Brand building through storytelling

Nothing like customer service to put the fun back in shopping

It’s my firm conviction that no one should call me “Sweetie” who has never shared my bed or at least a life-changing confidence, but I make an exception for Sarah, who owns one of the few stores around where it’s still fun to shop. Sarah sells every kitchen gadget you can possibly imagine, plus hundreds of other mysterious gizmos you had no idea you needed—until she explains, with the enthusiasm of a six-year-old and the authority of Oprah, how a piece of cleverly engineered plastic saved her all kinds of time and trouble.

I thought I was looking for a corkscrew when I stopped by the other day but really I was looking for that special sort of lift that comes with being welcomed and cared for by an expert who has lived your concern of the moment. I declined an instantaneous offer of help, from a staffer who had likely been opening wine with finesse for at least 30 years, because I craved the boss’s ear. In honour of St. Patrick’s Day, she was wearing a sparkly green bow tie Iatop the kind of sweatshirt most often seen at cottages on rainy Sunday afternoons when no one’s around but the family (Sarah has a thing for festive adornments: I’m pretty sure bunny ears will be next). “Hi, Sweetie!” she said, as if she’d been waiting all day for my visit. Then we got down to the matter at hand: my corkscrew dilemma.

You know how some people have to squeeze the bottle between their feet to get a good purchase on the cork? They curse, they sweat, they sputter, but even so they leave me in the dust. The only corkscrew I’ve ever used with success is a no-yank model called the Screwpull, which is plastic and certain to break after a few years of fumbling by the likes of me. Just last month I bought a new Screwpull that broke on bottle number three. If I’d only had the sense to buy it from Sarah, I’d have known why all my Screwpulls end up in the trash. I wasn’t holding the device in place with one hand while turning the screw with the other.

Sarah knows things about me that I’ve managed to hide from my oldest friends. Not only am I klutzy, my attitude toward the cleaning of pots and pans is decidedly casual. My Lodge cast iron grill pan, sold to me by Sarah with her highest accolade, turned rusty within months. I figured I was in for the lecture my grandmother would have given. Instead, Sarah made a house call. She spirited the pan away and returned it to me, pristine, after several hours’ worth of elbow grease. We’re not intimates, by the way, nor am I a big spender. It’s just that Sarah believes in customer service.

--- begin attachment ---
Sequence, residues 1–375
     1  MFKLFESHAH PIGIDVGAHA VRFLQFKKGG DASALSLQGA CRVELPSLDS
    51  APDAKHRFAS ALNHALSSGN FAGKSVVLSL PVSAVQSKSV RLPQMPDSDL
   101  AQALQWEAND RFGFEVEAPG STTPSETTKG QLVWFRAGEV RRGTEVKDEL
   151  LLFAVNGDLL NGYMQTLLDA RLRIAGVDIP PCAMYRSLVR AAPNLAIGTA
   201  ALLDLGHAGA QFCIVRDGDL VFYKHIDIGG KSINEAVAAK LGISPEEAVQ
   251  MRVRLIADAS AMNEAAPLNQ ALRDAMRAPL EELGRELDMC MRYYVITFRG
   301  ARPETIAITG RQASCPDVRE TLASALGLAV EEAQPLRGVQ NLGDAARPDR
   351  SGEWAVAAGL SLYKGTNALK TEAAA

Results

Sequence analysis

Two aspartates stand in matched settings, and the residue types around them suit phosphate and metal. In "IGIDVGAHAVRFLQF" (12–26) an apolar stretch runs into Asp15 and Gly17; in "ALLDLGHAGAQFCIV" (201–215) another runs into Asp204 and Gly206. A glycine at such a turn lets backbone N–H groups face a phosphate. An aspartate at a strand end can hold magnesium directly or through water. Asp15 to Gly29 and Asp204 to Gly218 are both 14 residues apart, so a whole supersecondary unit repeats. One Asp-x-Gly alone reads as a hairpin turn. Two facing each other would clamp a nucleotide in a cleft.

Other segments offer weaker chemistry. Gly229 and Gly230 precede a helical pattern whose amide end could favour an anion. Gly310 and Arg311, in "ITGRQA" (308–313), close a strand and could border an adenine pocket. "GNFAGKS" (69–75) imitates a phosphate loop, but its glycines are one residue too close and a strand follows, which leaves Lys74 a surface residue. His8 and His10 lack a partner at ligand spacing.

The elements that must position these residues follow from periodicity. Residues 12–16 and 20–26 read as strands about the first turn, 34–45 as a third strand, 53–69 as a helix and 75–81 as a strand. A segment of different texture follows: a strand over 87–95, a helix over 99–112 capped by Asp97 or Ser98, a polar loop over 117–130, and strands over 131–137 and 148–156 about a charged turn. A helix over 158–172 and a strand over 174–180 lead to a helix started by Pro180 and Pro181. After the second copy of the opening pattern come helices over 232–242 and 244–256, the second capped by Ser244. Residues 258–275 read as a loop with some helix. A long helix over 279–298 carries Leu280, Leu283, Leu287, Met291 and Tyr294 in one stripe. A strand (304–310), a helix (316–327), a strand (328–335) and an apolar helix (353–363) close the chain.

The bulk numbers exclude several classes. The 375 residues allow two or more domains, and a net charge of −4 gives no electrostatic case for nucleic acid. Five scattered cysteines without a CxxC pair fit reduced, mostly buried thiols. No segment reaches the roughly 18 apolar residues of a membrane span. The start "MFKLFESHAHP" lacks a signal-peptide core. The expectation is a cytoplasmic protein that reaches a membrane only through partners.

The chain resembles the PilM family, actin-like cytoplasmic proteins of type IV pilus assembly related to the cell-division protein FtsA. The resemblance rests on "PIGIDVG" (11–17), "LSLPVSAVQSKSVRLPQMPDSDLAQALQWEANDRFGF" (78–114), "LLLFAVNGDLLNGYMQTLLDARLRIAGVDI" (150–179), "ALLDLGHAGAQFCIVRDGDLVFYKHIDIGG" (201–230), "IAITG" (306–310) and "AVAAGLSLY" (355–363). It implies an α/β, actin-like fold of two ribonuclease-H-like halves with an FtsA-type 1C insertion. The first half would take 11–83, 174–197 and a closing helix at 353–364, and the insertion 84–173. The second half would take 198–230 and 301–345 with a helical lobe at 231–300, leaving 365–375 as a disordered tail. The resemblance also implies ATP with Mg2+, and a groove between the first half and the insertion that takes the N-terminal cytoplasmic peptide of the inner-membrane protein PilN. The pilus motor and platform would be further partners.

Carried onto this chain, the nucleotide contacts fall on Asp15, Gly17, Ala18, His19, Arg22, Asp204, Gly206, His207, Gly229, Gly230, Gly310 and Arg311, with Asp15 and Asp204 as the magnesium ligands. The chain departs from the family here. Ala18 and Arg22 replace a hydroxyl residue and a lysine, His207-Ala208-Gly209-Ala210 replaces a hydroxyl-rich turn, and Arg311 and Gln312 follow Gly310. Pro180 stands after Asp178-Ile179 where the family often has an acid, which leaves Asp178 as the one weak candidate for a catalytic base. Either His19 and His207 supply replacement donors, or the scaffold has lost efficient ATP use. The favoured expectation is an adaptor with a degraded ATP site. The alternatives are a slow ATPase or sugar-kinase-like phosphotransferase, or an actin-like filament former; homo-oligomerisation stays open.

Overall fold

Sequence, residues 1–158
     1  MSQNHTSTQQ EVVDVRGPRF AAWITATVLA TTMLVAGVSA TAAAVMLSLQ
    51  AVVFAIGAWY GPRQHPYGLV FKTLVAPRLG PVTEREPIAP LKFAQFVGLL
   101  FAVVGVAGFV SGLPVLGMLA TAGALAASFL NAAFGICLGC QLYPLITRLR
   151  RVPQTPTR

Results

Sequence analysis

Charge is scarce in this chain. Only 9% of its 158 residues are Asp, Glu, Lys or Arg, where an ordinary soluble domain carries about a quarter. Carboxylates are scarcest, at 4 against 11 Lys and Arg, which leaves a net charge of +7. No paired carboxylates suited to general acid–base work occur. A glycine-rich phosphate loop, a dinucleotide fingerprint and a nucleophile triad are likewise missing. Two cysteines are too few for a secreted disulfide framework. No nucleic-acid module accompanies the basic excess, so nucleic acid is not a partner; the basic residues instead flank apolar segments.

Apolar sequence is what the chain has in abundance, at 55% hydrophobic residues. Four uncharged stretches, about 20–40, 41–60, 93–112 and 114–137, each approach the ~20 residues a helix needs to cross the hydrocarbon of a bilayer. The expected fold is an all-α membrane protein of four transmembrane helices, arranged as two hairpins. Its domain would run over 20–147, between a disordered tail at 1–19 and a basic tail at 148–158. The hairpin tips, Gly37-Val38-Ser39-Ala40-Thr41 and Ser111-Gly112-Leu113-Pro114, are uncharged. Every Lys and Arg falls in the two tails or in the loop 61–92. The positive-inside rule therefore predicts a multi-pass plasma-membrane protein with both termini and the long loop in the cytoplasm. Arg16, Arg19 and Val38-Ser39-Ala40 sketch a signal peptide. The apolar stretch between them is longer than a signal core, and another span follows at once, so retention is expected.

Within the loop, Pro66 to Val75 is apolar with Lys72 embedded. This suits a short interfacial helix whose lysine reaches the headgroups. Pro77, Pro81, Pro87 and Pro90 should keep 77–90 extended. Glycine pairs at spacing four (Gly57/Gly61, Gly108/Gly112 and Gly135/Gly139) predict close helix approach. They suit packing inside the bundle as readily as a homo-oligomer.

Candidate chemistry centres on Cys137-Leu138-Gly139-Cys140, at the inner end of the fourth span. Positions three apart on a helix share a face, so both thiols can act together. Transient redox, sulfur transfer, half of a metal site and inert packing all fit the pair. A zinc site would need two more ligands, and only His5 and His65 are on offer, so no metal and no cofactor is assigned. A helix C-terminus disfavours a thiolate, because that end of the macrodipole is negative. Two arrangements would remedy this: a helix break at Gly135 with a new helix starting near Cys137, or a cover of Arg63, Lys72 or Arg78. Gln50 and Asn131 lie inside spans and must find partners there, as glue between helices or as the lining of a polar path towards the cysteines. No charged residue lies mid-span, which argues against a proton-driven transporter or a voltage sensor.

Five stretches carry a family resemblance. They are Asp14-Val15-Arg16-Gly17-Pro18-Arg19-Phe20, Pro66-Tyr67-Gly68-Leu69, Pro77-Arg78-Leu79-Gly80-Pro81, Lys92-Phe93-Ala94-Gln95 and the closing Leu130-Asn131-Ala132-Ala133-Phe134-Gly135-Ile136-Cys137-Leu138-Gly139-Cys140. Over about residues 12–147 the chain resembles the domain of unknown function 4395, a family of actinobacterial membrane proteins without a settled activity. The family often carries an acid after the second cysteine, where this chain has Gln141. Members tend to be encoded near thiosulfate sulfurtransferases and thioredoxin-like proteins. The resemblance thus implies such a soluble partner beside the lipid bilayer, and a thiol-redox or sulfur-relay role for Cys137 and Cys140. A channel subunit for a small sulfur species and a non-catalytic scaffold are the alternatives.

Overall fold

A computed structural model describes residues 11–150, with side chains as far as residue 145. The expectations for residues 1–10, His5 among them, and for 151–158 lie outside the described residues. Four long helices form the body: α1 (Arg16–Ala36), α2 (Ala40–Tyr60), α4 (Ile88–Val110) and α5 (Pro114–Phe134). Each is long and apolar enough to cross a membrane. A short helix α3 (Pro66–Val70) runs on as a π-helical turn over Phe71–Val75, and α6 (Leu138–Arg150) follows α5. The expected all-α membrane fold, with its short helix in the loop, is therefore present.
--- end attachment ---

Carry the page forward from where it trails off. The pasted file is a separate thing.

I’ve known a few shopkeepers like Sarah. The mom and pop drycleaning duo who treated my clothes like children and would ask affectionately how my gabardine pants were doing. The long-vanished bookseller who remembered which novels I had loved and never failed to match me with another that proved equally rewarding. A fashion maven, also long gone, with the confidence and intuition to steer me into outfits that I wore until they fell apart, although I’d never have chosen them myself. Remembering these people, I feel wistful. How can I reserve my spending for stores with the human touch, when there are so few of them left?

I was kidding when I asked Sarah, “Would you service a product that you hadn’t even sold if a customer made the request?”  Wonder of wonders, she would. It’s not an idle boast. When she got a call about an ironing board that was acting up, she was on her way. Which gets me wondering…maybe Sarah has a way with dishwasher handles and hard-to-reach lightbulbs. I’m not about to push my luck. But I wouldn’t put it past her.

If you have a kitchen and live in Toronto, you’ll find Sarah at Bianco Plus. Tell her I sent you. 

 

Posted by Rona

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